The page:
Sensitivity analysis of the EPIRICE Daily Risk Model.

To determine how sensitive the EPIRICE Daily Risk Model is to individual weather conditions, we performed sensitivity tests on all weather input variables. Daily temperature, precipitation, and relative humidity data corresponding to the disease incidence survey conducted in Bonghwa in 2004 were used as reference data. The model was simulated for 80 days from the transplanting date, May 25, to August 12. The simulated daily risk score was converted to the areaover0.6 value with the conversion function developed in our study. The sensitivity analysis examined the effects of each weather variable on the areaover0.6 value from the EPIRICE Daily Risk Model. The range of each weather variable for the sensitivity analysis was determined based on the past 30 years (i.e., 1976-2005) data of the KMA ASOS station (ID 271) in Bonghwa. The lowest and highest values recorded over this 30-year period were obtained for each weather variable (i.e., mean temperature: ~19.8-24.3°C; mean relative humidity: ~64.5-84.3%; cumulative precipitation: ~218.5-917.5 mm), and the ranges used for the analysis were determined between 95% of the lowest value and 105% of the highest value.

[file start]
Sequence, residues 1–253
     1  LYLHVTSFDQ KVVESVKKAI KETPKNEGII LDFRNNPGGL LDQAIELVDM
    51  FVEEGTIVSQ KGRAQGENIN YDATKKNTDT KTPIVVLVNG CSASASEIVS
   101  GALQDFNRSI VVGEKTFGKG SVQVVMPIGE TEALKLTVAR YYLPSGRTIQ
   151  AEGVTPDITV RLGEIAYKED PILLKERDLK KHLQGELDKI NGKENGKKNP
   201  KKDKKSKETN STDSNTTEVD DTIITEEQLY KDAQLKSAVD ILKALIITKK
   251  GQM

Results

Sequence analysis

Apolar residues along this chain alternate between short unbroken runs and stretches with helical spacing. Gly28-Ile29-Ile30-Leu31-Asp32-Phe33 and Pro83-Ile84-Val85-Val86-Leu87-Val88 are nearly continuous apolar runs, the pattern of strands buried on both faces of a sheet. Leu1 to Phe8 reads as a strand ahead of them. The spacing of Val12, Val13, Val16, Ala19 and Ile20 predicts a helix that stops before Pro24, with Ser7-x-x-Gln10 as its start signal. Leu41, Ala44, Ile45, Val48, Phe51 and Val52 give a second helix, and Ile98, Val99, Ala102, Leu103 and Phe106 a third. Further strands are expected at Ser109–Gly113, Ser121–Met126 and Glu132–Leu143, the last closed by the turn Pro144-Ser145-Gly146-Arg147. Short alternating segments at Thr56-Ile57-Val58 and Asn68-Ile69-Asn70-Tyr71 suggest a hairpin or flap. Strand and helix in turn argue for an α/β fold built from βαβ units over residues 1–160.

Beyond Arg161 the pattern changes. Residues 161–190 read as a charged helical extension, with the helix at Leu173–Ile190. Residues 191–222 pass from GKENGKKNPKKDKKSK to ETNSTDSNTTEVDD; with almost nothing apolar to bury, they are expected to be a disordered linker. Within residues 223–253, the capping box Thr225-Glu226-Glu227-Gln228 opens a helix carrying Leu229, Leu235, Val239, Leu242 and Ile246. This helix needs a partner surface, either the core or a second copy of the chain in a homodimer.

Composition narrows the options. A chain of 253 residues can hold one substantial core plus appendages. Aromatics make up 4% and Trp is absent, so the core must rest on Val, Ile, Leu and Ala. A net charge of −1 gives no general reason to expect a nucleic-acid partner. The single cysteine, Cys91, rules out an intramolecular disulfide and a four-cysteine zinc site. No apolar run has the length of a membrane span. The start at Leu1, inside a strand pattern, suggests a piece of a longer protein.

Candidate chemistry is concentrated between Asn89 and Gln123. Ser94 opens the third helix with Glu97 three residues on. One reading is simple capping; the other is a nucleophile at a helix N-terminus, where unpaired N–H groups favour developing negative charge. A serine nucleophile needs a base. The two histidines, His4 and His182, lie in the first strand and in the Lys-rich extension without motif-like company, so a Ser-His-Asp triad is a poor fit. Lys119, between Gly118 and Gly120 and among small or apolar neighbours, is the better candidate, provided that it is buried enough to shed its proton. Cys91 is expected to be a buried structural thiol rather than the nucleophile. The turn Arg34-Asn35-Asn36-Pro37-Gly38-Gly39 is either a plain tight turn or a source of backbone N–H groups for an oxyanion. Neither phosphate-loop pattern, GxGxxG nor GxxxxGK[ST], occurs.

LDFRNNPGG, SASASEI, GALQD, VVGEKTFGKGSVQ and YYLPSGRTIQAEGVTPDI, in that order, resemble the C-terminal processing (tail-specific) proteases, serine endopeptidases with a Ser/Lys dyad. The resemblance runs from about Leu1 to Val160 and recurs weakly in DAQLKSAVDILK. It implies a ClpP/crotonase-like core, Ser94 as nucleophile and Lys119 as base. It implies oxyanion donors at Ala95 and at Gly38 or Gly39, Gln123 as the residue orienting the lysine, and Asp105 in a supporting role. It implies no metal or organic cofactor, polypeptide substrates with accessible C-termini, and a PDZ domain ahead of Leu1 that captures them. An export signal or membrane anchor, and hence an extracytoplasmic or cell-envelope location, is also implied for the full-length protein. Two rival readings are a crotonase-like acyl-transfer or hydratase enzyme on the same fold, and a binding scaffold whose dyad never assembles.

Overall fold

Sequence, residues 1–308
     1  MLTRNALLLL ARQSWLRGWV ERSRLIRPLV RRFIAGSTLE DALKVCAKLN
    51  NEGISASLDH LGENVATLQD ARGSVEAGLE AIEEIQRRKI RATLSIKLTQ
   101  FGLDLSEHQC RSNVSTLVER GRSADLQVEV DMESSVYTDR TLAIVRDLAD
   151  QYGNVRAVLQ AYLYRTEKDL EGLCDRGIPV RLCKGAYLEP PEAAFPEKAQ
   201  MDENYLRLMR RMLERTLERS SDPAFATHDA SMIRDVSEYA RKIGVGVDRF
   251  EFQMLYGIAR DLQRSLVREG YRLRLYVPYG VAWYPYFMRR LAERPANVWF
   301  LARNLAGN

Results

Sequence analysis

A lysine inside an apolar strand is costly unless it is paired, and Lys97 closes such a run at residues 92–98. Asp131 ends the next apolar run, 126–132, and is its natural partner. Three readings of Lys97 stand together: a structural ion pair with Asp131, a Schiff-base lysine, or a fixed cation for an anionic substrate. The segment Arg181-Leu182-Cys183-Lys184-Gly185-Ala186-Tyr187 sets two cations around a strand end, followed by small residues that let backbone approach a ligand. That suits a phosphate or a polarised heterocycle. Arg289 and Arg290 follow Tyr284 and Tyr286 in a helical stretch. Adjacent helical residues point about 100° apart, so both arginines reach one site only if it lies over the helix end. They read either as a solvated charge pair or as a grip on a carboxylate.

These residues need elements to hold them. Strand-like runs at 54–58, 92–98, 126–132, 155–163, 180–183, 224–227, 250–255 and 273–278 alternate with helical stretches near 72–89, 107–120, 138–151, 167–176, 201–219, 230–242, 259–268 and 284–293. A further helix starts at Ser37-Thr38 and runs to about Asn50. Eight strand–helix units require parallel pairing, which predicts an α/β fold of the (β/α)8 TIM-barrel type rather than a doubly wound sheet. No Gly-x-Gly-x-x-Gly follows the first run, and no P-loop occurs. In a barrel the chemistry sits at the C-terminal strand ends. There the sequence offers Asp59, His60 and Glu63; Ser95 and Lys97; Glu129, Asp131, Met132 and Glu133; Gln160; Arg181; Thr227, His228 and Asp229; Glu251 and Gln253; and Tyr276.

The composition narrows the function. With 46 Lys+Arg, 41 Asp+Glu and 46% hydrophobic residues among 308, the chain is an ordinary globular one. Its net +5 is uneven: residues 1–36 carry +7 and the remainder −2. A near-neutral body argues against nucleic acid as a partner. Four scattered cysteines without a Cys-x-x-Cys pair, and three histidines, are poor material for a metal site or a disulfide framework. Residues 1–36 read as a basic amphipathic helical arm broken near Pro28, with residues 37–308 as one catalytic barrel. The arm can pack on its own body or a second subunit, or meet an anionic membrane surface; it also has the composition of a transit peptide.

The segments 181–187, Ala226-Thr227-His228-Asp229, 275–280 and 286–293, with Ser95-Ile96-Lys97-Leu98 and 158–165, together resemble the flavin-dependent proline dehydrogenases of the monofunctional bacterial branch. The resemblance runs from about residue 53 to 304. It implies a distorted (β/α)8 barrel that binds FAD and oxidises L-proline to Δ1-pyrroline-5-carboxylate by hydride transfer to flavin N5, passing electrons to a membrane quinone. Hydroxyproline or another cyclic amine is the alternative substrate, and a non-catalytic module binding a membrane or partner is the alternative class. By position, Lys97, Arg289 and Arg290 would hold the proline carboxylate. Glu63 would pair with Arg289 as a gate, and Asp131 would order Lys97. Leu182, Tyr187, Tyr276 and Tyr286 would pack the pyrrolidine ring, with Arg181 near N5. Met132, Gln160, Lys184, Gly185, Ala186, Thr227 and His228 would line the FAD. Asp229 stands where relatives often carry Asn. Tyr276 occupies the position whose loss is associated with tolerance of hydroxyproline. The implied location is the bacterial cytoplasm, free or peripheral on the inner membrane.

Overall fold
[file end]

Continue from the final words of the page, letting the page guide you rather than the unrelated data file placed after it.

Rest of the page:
Results

Structure of the EPIRICE Daily Risk Model.

The EPIRICE Daily Risk Model converts daily weather data into daily rice blast risk scores based on four modules, namely temperature, leaf wetness, plant age, and cultivar susceptibility (Fig. 3A). By separating the original temperature function from the infection algorithm of the EPIRICE model, we developed a temperature module that determines the relative disease risk according to the average daily temperature (Fig. 3B). It shows the highest relative risk by temperature, namely the T effect, at approximately 21°C. Under temperature conditions below 9°C or above 38°C, where the T effect becomes 0, the daily infection rate also becomes 0. This principle applies to all four modules of the EPIRICE Daily Risk Model, which means that the daily infection rate becomes 0 whenever any of the effect values becomes 0. Notably, this mimics the actual conditions of disease development. That is, when one essential condition is not suitable for the occurrence of the disease, the condition becomes a limiting factor and the disease does not usually occur.